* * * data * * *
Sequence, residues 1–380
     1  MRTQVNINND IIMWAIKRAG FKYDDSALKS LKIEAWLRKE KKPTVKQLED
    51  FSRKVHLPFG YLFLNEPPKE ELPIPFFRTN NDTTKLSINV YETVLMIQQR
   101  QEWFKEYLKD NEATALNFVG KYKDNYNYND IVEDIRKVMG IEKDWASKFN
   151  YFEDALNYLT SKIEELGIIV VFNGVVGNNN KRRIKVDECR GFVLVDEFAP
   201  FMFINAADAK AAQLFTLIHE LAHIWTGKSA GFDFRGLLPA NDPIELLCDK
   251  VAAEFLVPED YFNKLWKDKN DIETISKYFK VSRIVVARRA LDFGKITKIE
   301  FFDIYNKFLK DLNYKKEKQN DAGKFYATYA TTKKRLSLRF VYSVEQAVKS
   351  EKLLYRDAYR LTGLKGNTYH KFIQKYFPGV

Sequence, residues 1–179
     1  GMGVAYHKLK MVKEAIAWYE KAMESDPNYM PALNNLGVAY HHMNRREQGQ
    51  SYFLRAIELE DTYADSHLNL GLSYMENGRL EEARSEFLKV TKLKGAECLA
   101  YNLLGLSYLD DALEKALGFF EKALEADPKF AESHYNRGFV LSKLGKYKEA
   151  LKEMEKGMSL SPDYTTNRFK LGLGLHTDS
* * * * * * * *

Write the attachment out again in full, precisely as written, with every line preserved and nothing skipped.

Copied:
Sequence, residues 1–380
     1  MRTQVNINND IIMWAIKRAG FKYDDSALKS LKIEAWLRKE KKPTVKQLED
    51  FSRKVHLPFG YLFLNEPPKE ELPIPFFRTN NDTTKLSINV YETVLMIQQR
   101  QEWFKEYLKD NEATALNFVG KYKDNYNYND IVEDIRKVMG IEKDWASKFN
   151  YFEDALNYLT SKIEELGIIV VFNGVVGNNN KRRIKVDECR GFVLVDEFAP
   201  FMFINAADAK AAQLFTLIHE LAHIWTGKSA GFDFRGLLPA NDPIELLCDK
   251  VAAEFLVPED YFNKLWKDKN DIETISKYFK VSRIVVARRA LDFGKITKIE
   301  FFDIYNKFLK DLNYKKEKQN DAGKFYATYA TTKKRLSLRF VYSVEQAVKS
   351  EKLLYRDAYR LTGLKGNTYH KFIQKYFPGV

Sequence, residues 1–179
     1  GMGVAYHKLK MVKEAIAWYE KAMESDPNYM PALNNLGVAY HHMNRREQGQ
    51  SYFLRAIELE DTYADSHLNL GLSYMENGRL EEARSEFLKV TKLKGAECLA
   101  YNLLGLSYLD DALEKALGFF EKALEADPKF AESHYNRGFV LSKLGKYKEA
   151  LKEMEKGMSL SPDYTTNRFK LGLGLHTDS